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Re: Last (good) pizza for a while
« Reply #3 on: August 18, 2013, 08:40:19 PM »
pictures:

Offline pythonic

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Re: Last (good) pizza for a while
« Reply #4 on: August 19, 2013, 07:57:45 AM »
Very nice write up.  All the pies look really good.  I have yet to try my grill for bakes but will have to soon after seeing your setup.  Do you prefer the part skim vs the whole milk trader joes mozzarella?

Nate
« Last Edit: August 19, 2013, 09:23:38 AM by pythonic »
If you can dodge a wrench you can dodge a ball.

Offline wahoo88

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Re: Last (good) pizza for a while
« Reply #5 on: August 19, 2013, 04:15:04 PM »
Pythonic, thanks for the kind words.  The only reason that I used Part Skim TJ mozzarella was that I don't go shopping and my mother believes that everything is better low-fat  :(.  I thought I had explained this melting thing to her before...  Regardless, the cheese had good stretch and flavor compared to the fresh stuff I used to use, but I cannot comment on likeness to the TJ WM mozz.

Offline mkevenson

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Re: Last (good) pizza for a while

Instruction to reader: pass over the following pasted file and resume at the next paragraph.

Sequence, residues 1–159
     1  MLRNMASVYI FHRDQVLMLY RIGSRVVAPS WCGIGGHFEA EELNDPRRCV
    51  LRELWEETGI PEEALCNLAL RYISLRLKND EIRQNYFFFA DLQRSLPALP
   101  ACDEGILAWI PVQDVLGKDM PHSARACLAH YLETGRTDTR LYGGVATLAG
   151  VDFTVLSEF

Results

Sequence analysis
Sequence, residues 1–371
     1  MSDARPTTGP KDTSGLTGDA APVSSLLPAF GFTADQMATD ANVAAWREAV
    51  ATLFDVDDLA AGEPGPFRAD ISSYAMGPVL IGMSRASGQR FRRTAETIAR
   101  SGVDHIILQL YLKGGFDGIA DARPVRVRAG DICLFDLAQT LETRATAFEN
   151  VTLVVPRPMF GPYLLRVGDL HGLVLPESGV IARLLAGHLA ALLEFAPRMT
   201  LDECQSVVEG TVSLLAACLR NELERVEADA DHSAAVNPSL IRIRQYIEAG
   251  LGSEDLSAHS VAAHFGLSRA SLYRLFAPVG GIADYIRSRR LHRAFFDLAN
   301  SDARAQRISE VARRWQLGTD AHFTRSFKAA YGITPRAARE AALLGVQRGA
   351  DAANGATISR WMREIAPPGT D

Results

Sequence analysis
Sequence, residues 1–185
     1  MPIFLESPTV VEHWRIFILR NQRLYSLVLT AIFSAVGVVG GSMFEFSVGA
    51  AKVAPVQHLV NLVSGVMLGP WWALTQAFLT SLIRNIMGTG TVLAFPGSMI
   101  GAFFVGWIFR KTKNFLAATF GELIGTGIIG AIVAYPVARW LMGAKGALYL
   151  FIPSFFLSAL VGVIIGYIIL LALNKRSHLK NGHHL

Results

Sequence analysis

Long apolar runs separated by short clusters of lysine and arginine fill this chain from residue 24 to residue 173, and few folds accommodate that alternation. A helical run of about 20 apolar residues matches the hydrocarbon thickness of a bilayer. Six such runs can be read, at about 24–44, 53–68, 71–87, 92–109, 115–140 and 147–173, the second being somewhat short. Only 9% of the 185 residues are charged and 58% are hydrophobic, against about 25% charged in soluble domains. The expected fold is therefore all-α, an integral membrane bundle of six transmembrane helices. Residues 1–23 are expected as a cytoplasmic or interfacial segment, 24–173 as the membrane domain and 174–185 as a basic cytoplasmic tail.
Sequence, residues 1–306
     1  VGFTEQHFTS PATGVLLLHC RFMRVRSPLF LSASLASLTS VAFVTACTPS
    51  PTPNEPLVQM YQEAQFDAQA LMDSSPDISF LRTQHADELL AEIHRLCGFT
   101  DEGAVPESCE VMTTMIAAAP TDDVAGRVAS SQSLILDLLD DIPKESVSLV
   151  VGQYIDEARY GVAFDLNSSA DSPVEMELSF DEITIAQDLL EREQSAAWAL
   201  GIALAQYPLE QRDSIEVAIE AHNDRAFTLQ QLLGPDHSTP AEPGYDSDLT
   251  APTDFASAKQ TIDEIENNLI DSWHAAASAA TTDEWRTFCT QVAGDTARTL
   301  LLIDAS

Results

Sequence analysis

« Reply #6 on: August 19, 2013, 05:38:55 PM »
Nice looking pies! You are definitely on your way. I appreciate your attention to detail.


Can you not take your grill to school with you? Make some friends in the kitchen or even a part time job there.
Who knows you might be cooking professionally one day.


Mark
"Gettin' better all the time" Beatles

Offline wahoo88

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Re: Last (good) pizza for a while
« Reply #7 on: August 20, 2013, 09:57:01 AM »
mkenenson, thanks for the comment.  Maybe I will try and find myself a way to bake at school after a semester or two, but I can't see myself having the time or energy when I'm just  getting used to living away.

Offline JD

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Re: Last (good) pizza for a while
« Reply #8 on: August 20, 2013, 10:34:54 AM »
You're very methodical & organized in your experiments. I'd bet you are going to school for some type of Engineering, or other Science based field? This type of organization will be very helpful for your career once you graduate, oh and you'll continue to make great pizza too. Hope to see you back in the winter, good luck.
Josh

Offline wahoo88